19. A slider for a disk drive including a disk, the disk including a recording surface, the slider comprising:
a transducer for reading and writing on the recording surface, and
an air bearing surface that is configured to form a shallow recessed surface and a deep recessed surface, the air bearing surface being selectively etched to form a leading air bearing region and at least one insular region configured to reduce stiction with the disk, the leading air bearing region and the at least one insular region being substantially co-planar so as to define a single radius of curvature, the shallow recessed surface being disposed between the air bearing surface and the deep recessed surface.
20. The slider of claim 19, wherein the at least one insular region is bounded by the shallow recessed surface.
21. The slider of claim 19, wherein the at least one insular region is bounded by the deep recessed surface.
22. The slider of claim 19, wherein a height differential between the at least one insular region of the air bearing surface and the leading air bearing region is less than 4 micro inches.
23. The slider of claim 19, wherein the air-bearing surface is selectively etched to form a plurality of insular regions, each of the plurality of insular regions being shaped and dimensioned so as to reduce stiction with the disk.
24. The slider of claim 19, wherein the air-bearing surface further is selectively etched to form a center pad region disposed near the trailing edge of the slider.
25. The slider of claim 19, wherein the at least one insular region of the air bearing surface is shaped as one of a circle and an ellipse.
26. The slider of claim 19, wherein the at least one insular region has a surface area that is greater than 100 microns squared and less than 2000 microns squared.
27. The slider of claim 19, further including a layer of diamond like carbon deposited on at least one of the insular region, the leading air-bearing region, the shallow recessed surface and the deep recessed surface.
Description
BACKGROUND OF THE INVENTION

1. Field of the Invention

The present invention relates to disk drives. More particularly, the present invention relates to air-bearing sliders that include a textured air-bearing surface (ABS) and to head stack assemblies and disk drives that include such an air-bearing slider.

2. Description of the Prior Art

A typical hard disk drive includes a head disk assembly (“HDA”) and a printed circuit board assembly (“PCBA”). The HDA includes at least one magnetic disk (“disk”), a spindle motor for rotating the disk, and a head stack assembly (“HSA”) that includes a slider with at least one transducer or read/write element for reading and writing data. The HSA is controllably positioned by a servo system in order to read or write information from or to particular tracks on the disk. The typical HSA has three primary portions: (1) an actuator assembly that moves in response to the servo control system; (2) a head gimbal assembly (“HGA”) that extends from the actuator assembly and biases the slider toward the disk; and (3) a flex cable assembly that provides an electrical interconnect with minimal constraint on movement.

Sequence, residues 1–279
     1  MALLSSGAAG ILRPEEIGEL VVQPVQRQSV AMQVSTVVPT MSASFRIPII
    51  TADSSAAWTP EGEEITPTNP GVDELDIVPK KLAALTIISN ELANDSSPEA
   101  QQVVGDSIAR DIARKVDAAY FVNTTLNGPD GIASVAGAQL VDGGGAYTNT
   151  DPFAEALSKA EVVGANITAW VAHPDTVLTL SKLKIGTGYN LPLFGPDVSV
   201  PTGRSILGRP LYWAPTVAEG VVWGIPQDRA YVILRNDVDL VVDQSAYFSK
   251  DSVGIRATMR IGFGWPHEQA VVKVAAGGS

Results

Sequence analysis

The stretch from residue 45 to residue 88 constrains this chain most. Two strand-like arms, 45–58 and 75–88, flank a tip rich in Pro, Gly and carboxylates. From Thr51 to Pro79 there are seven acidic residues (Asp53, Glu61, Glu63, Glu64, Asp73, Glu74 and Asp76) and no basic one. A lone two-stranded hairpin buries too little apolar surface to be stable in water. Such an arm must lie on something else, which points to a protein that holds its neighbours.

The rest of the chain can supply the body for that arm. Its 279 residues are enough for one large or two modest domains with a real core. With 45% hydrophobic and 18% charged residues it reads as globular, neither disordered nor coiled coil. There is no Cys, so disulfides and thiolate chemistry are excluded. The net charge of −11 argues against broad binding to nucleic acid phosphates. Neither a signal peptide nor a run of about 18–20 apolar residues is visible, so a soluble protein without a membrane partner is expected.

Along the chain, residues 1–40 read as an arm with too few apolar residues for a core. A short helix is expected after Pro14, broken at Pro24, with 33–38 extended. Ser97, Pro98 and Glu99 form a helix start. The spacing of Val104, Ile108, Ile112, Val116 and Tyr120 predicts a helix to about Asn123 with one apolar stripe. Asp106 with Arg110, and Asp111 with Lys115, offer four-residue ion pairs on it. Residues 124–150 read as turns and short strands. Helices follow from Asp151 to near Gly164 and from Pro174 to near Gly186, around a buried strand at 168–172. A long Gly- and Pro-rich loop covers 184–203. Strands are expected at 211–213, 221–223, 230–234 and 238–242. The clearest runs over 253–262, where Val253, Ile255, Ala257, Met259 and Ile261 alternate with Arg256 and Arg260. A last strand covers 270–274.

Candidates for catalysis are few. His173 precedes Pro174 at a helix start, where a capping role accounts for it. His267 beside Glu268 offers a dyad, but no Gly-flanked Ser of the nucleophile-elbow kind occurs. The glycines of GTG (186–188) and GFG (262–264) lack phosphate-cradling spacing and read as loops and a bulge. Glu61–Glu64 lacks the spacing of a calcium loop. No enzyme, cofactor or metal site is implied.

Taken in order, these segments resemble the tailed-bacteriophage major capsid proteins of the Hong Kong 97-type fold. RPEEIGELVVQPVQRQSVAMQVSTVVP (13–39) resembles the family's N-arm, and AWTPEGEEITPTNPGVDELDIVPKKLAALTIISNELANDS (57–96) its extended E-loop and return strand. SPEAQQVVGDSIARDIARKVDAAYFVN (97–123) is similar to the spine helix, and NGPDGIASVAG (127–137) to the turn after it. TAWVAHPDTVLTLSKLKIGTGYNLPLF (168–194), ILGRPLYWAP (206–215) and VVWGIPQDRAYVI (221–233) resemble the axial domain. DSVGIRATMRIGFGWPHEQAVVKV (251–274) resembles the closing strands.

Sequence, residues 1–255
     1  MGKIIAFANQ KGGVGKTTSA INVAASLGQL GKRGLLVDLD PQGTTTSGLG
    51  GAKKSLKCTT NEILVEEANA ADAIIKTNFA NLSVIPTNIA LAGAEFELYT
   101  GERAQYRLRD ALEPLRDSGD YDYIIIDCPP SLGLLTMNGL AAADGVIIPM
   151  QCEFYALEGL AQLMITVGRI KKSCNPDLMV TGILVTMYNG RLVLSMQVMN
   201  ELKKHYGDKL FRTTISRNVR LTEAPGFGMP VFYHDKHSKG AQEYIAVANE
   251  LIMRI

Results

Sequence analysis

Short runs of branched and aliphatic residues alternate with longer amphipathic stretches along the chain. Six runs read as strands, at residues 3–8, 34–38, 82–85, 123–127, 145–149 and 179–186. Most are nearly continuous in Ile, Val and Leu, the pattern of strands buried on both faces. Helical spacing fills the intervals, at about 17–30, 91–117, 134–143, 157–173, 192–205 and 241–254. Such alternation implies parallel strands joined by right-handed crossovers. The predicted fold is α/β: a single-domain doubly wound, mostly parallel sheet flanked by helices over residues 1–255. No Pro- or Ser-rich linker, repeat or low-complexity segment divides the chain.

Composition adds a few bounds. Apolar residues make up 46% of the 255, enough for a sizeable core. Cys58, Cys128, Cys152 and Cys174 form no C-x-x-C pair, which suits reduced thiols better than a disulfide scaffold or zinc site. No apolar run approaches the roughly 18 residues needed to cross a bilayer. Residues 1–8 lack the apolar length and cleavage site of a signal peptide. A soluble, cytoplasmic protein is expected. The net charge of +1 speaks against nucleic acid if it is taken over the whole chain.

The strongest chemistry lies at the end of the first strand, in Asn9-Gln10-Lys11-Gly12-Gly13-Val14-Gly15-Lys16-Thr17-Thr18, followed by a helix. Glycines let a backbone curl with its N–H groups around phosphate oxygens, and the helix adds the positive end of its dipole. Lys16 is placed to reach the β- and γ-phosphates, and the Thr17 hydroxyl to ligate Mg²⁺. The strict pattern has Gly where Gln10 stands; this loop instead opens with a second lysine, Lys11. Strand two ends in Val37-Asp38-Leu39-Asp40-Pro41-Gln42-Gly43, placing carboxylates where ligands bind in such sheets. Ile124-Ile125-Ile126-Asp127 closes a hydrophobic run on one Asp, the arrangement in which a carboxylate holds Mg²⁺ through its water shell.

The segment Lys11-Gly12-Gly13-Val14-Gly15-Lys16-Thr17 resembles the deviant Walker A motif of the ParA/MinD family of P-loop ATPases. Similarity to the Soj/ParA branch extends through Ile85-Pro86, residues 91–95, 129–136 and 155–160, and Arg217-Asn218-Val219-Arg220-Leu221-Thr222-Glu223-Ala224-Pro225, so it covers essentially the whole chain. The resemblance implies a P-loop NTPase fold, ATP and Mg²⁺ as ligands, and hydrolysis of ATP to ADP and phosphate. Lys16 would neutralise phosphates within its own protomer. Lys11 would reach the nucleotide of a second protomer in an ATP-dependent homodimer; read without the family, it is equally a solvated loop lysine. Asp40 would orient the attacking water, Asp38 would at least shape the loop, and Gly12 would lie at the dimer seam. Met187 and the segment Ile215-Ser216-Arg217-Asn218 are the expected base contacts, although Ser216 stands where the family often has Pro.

A typical HGA includes a load beam, a gimbal attached to an end of the load beam, and a slider attached to the gimbal. The load beam has a spring function that provides a “gram load” biasing force and a hinge function that permits the slider to follow the surface contour of the spinning disk. The load beam has an actuator end that connects to the actuator arm and a gimbal end that connects to the gimbal that supports the slider and transmits the gram load biasing force to the slider to “load” the slider against the disk. A rapidly spinning disk develops a laminar airflow above its surface that lifts the slider away from the disk in opposition to the gram load biasing force. The slider is said to be “flying” over the disk when in this state.

Padded sliders have been extensively used to improve the stiction problem (the tendency of facing and contacting highly polished flat surfaces to stick to one another) at the interface between the head and the disk during drive operation. FIG. 1A is a perspective view of a conventional padded slider 100. FIG. 1B is a cross-sectional view of the padded slider 100 of FIG. 1A, taken along cross-sectional line AA′. Considering now FIGS. 1A and 1B collectively, the padded slider 100 may be formed of a block of aluminum titanium carbide. The slider 100 includes an Air Bearing Surface (hereafter, ABS) 102. A shallow etch surface 114 is etched from the ABS 102 toward the leading edge of the padded slider 100. A deep etch surface 110 is etched from the ABS 102. A center pad 108 to which the slider's read/write transducer is attached is disposed on the trailing edge of the padded slider 100. As shown, the shallow etch surface 114 is disposed between the ABS 102 and the deep etch surface 110. The conventional padded slider 100 also includes a plurality of protuberances 106 that protrude from the ABS 102. The protuberances 106 are pads that are configured to minimize the stiction between the surface of the disk and the slider 100. The plurality of protuberances 106 rise away from the ABS 102 such that their free end is further away from both the shallow etch surface 114 and the deep etch surface 110 than is the ABS 102. The conventional padded slider 100, therefore, has a topology that defines at least four discrete levels: an ABS 102, protuberances 106, a shallow etch surface 114 and a deep etch surface 110. The protuberances 106 are typically formed by a separate carbon deposition process that forms the pillar-shaped structures 106. As most easily seen in FIG. 1B, the free ends of protuberances 106 of a conventional padded slider 100 may collectively form a slight radius of curvature 112, which is exaggerated in FIG. 1B for clarity of illustration.

Such conventional padded sliders have a number of disadvantages, including the separate process step required to form the plurality of protuberances 106, some limitations on the placement of such discretely-deposited protuberances and the high flying pitch of the slider. The high flying pitch of the conventional slider 100 is of particular concern, as it significantly degrades the flying performance of the head, including poor Take Off Velocity (TOV) and contributes to poor vertical pitch and roll stiffness, poor flyability and like disadvantages.